Published: 03.05.10

The Financial Bubble Experiment

Professor Didier Sornette from the Department of Management, Technology and Economics (D-MTEC) at ETH Zurich is convinced that financial markets are not just random. Consequently, his Financial Crisis Observatory conducted a daring experiment to prove that you can forecast financial bubbles. Today, Professor Sornette presented the results of the experiment at a press conference.

Media Relations ETH Zurich
Didier Sornette, Professor of Entrepreneurial Risks (Photo: ETH Zurich)
Didier Sornette, Professor of Entrepreneurial Risks (Photo: ETH Zurich) (large view)

Professor Didier Sornette from the Department of Management, Technology and Economics (D-MTEC) at ETH Zurich is convinced that financial markets are not just random. Consequently, his Financial Crisis Observatory conducted a daring experiment to prove that you can forecast financial bubbles. Today, Professor Sornette presented the results of the experiment at a press conference.

Didier Sornette, Professor of Entrepreneurial Risks at ETH Zurich, has two hypotheses: firstly, bubbles can be diagnosed in real time before they end; secondly, the termination of these bubbles can be bracketed using probabilistic forecasts with a reliability better than chance. As a controversial debate surrounds the two hypotheses and proof was needed, Professor Sornette and his team from the Financial Crisis Observatory (FCO) launched an extraordinary experiment: they forecast that four selected assets would form a bubble in the following six months, and when this would happen. To guarantee the seriousness and integrity of the experiment, the forecasts were announced and encoded.

As yet, nobody has any reliable quantitative methods to ascertain whether the market or a particular asset is in a bubble state. One problem here is that none of the various economic theories and models provides a universal and quantifiable definition of a bubble. New, multidisciplinary approaches are therefore needed in the face of the complexity of the financial market. Consequently, Didier Sornette works with a portfolio of methods from very different fields, such as economics, physics and mathematics.

Identifying "regime shifts"

The results of the Financial Bubble Experiment (FBE) show that the dynamics of financial markets actually exhibit an identifiable structure. And that's not all; the results also prove that the dynamics of financial markets are subject to a so-called "regime shift". This means that phases of strong growth are replaced by ones only exhibiting moderate growth or even declines, or vice versa. A crash is an extreme example of a regime shift. The following data was used in the FBE as indicators of a regime shift: firstly, the scale of the drop in prices; secondly, the proportion of "good days" (positive return days); and thirdly, the growth rate of the price.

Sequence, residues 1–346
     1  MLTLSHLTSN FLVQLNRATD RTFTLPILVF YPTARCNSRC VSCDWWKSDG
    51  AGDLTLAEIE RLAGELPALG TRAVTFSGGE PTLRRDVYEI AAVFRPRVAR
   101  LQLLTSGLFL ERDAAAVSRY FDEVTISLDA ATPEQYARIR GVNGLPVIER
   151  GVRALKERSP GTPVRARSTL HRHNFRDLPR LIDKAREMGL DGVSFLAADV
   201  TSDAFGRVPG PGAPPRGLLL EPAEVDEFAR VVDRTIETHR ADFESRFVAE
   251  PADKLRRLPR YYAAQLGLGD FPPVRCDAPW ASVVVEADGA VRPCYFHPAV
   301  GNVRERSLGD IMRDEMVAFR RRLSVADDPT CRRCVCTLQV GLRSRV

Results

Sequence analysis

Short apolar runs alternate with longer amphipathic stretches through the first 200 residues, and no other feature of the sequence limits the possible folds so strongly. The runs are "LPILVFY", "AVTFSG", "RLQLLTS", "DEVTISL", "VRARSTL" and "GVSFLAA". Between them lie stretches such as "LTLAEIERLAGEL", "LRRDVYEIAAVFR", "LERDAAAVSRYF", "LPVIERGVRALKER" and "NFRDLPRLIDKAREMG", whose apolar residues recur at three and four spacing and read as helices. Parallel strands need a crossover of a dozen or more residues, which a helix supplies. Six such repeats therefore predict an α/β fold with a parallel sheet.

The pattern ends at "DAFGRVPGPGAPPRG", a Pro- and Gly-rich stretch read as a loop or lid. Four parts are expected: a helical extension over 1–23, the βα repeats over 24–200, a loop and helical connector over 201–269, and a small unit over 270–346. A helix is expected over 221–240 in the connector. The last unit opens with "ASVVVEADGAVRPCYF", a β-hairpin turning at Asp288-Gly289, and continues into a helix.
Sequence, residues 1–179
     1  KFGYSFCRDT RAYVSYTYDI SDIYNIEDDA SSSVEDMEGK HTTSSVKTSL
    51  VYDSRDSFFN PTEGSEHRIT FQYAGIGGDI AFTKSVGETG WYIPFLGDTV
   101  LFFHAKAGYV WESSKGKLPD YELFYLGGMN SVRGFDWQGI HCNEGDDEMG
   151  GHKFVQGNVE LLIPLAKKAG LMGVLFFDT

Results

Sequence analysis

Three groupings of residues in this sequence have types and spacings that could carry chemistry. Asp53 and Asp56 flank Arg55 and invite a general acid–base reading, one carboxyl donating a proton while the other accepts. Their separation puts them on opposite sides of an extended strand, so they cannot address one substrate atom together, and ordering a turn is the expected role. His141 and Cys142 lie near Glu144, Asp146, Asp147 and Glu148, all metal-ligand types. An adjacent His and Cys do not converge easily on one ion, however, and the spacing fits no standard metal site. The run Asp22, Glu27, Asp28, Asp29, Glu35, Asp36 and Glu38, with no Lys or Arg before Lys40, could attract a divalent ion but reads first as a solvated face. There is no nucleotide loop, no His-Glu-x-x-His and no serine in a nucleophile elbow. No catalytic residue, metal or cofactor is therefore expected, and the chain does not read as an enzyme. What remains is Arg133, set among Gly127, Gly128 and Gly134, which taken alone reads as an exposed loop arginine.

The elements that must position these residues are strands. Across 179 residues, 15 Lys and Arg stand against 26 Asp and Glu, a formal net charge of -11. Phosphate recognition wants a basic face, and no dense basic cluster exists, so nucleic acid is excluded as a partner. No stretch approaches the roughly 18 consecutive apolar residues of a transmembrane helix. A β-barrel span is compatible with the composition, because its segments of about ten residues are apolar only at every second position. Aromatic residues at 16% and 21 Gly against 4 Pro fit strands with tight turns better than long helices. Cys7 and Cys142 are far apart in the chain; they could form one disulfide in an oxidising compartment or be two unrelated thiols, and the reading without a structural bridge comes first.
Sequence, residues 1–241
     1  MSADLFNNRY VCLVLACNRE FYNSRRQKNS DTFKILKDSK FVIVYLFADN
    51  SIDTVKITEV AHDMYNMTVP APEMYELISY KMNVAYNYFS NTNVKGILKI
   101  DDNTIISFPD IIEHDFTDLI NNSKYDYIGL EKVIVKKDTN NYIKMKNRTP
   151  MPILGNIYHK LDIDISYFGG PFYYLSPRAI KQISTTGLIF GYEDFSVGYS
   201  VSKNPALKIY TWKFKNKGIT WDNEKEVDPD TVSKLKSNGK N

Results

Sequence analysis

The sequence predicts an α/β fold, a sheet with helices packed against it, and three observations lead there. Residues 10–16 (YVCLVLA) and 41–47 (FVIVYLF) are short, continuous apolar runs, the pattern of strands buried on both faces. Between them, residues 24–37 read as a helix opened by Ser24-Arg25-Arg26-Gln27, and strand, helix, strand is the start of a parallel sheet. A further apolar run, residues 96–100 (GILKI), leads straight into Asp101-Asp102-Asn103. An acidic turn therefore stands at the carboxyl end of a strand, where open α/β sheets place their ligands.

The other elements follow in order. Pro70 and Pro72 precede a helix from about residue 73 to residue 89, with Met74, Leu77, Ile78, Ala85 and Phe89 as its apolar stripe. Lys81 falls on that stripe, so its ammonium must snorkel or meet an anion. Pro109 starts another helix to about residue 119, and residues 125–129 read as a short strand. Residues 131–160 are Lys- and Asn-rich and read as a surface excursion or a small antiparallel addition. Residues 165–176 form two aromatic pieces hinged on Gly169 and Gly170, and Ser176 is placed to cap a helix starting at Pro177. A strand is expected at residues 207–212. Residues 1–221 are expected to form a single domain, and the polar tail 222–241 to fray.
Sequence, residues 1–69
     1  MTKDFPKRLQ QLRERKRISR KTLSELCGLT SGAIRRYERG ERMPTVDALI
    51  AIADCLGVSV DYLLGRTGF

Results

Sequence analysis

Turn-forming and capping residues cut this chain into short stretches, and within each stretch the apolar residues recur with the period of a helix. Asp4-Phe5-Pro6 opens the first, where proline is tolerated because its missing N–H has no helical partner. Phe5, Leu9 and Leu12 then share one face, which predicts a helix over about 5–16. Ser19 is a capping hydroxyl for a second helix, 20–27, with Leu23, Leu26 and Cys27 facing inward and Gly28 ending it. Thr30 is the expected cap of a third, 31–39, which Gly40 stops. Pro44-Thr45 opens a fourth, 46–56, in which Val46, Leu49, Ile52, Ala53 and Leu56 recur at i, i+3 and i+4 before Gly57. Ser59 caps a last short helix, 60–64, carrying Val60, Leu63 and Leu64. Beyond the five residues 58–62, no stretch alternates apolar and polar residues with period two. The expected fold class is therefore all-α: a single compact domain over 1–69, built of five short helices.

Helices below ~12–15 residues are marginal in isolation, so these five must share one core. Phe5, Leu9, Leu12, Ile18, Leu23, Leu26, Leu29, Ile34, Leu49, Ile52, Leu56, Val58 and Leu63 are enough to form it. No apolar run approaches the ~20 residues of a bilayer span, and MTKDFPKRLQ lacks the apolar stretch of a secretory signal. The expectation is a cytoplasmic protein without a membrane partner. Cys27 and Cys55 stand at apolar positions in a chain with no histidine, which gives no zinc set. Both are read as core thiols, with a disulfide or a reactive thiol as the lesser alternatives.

The assets selected

Out of all the assets observed by the FCO, the scientists selected the four for which they expected such a shift within the following six months: IPOVESPA Brazil Index, the Merrill Lynch bond index, the gold spot price and cotton futures. The forecasts for the first three assets were announced on November 23 2009; that for the cotton futures on December 23 2009.

In accordance with Sornette's theory, the four assets exhibited a clear regime shift. As a static fuzziness is inherent in the system (see box), the FCO states its forecasts in the form of probabilities and within two time windows. In the one, the turning point is anticipated with a 60% probability; and in the second, with a 90% probability.

Forecasts and results

Sure enough, all four assets exhibited a regime shift either within the forecasted time window (Brazil IBOVEST, gold and cotton) or shortly before it (Merrill Lynch corporate index). By November 2 2009 there were already bubbles in two of them (IBOVESPA and gold).


Forecast: between 10.19.2009 and 12.17.2009 the probability of a regime shift is 95%; between 10.27.2009 and 11.29.2010 it is 60%. Result: the regime shift began within the forecast window. Within this window, the proportion of "good days" started with a peak and declined steeply; also within the window, the growth rate of the price dropped sharply. A large draw-down of 11% in 30 days occurred approximately two weeks after the end of the forecast window.